This reduces the possibility that the network traffic could be captured and replayed by an attacker. The increased security provided by Digest authentication means that the code to implement is more complicated than just a simple password comparison. Example provides functions that compute digest
authentication as specified in RFC 2617.

Example   Using Digest authentication

          /* replace with appropriate username and password checking,
                such as checking a database */
          $users = array('david' => 'fadj&32',
                                      'adam' => '8HEj838');
          $realm = 'My website';

          $username = validate_digest($realm, $users);
          // Execution never reaches this point if invalid auth data is provided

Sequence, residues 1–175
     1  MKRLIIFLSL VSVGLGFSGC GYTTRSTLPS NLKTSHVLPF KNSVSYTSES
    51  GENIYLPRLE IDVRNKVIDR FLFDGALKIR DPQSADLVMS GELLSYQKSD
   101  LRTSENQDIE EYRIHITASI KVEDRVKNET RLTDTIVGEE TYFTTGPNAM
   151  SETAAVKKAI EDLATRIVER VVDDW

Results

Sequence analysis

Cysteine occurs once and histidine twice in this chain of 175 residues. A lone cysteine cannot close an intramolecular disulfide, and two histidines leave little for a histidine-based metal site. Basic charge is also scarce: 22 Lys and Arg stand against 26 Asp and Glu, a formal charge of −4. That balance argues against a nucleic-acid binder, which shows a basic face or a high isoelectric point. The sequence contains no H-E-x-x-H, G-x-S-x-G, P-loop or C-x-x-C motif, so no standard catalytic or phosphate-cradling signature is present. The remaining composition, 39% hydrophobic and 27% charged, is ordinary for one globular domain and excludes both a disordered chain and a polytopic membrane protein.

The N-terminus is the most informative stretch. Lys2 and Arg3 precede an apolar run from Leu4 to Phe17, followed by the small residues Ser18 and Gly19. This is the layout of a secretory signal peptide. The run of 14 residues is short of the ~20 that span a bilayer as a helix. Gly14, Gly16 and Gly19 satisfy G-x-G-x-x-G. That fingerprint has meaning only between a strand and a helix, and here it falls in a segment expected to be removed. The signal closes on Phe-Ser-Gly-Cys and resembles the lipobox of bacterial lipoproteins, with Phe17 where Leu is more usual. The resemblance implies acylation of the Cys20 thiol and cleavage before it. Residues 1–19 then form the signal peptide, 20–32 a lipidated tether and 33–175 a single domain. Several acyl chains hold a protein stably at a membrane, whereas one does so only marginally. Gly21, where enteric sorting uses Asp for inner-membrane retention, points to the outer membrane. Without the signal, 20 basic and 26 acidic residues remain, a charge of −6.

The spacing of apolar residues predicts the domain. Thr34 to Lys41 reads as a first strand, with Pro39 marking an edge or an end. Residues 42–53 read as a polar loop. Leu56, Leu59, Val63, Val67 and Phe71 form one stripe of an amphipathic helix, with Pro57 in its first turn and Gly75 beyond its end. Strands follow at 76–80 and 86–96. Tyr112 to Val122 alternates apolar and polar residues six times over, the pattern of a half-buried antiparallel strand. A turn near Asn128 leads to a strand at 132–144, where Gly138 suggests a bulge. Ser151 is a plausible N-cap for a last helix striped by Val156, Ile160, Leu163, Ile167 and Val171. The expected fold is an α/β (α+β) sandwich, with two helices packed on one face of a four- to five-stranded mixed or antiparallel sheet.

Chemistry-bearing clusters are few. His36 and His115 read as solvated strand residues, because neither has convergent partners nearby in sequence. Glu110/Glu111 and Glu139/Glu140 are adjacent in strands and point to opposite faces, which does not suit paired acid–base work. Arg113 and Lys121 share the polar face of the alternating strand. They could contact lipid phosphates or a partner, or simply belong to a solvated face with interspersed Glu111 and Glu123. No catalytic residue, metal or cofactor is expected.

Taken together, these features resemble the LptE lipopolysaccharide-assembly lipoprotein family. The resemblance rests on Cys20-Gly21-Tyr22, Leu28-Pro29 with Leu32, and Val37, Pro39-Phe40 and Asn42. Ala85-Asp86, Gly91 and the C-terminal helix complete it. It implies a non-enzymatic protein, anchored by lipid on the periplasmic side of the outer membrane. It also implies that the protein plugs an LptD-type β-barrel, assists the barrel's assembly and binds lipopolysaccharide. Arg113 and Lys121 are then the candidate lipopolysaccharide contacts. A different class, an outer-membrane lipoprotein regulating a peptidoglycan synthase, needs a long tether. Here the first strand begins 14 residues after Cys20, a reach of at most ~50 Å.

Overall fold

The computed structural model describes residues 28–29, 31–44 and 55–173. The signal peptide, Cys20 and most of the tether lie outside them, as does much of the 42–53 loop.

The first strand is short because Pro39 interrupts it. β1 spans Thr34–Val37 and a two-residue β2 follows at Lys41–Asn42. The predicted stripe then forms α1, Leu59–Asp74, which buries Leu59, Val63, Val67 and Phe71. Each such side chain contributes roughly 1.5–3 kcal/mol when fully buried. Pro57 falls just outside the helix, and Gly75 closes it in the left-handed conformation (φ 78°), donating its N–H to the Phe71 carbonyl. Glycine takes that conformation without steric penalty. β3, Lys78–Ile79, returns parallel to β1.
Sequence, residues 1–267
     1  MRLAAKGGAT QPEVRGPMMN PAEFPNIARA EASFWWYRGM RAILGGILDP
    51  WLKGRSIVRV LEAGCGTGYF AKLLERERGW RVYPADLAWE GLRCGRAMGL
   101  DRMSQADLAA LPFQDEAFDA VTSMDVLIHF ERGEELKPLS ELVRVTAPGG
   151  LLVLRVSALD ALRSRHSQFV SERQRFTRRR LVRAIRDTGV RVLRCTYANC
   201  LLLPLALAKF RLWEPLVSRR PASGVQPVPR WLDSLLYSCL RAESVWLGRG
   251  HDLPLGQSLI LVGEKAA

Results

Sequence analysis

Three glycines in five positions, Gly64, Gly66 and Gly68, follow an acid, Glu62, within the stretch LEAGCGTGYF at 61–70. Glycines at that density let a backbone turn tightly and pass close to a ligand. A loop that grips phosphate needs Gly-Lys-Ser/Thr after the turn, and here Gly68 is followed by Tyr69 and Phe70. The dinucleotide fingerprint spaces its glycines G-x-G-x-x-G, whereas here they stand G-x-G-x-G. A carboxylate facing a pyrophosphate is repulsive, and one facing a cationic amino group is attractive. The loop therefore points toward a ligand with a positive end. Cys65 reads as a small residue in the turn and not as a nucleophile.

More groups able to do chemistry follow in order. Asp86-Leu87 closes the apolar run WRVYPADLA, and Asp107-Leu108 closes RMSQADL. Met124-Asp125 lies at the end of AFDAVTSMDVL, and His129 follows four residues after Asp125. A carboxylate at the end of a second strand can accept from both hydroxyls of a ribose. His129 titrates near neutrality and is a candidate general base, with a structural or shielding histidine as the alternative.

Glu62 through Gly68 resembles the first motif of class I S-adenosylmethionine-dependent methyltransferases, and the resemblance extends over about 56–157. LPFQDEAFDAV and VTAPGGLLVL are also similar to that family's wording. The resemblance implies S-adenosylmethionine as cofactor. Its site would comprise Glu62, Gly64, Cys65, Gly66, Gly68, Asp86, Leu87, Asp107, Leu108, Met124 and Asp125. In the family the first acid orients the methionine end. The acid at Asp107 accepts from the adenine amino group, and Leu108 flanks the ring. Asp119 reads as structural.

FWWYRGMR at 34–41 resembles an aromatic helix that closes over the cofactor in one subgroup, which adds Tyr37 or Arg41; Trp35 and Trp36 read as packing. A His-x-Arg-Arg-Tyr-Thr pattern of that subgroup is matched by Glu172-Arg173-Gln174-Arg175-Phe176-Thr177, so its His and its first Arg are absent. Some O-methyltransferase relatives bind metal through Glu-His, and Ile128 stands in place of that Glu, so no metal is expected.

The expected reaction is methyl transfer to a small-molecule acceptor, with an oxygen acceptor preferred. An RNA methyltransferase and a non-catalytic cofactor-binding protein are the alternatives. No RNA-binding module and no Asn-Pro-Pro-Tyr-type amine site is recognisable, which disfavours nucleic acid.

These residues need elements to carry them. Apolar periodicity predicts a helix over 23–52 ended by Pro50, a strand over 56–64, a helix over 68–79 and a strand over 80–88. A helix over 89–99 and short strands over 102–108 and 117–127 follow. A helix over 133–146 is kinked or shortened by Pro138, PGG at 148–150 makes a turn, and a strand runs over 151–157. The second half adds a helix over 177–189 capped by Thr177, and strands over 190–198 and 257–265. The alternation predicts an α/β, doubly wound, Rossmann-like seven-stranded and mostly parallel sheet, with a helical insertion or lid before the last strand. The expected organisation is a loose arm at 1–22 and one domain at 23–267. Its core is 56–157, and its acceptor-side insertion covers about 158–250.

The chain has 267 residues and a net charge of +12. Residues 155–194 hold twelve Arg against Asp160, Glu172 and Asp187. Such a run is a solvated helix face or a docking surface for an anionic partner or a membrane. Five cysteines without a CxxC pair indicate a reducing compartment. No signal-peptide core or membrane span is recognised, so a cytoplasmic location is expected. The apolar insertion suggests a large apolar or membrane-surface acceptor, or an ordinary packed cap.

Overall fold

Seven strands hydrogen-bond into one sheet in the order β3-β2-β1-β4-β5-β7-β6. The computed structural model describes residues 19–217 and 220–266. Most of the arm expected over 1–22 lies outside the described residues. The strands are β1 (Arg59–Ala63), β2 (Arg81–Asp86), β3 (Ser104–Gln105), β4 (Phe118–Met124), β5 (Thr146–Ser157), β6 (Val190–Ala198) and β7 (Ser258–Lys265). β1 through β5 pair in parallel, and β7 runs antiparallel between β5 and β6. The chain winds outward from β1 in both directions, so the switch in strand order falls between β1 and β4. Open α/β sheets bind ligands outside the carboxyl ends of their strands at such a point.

print "Hello, " . htmlentities($username);

          function validate_digest($realm, $users) {
                 // Fail if no digest has been provided by the client
                 if (! isset($_SERVER['PHP_AUTH_DIGEST'])) {
                       send_digest($realm);
                 }
                 // Fail if digest can't be parsed
                 $username = parse_digest($_SERVER['PHP_AUTH_DIGEST'], $realm, $users);
                 if ($username === false) {
                       send_digest($realm);
                 }
                 // Valid username was specified in the digest
                 return $username;
          }

          function send_digest($realm) {
                 http_response_code(401);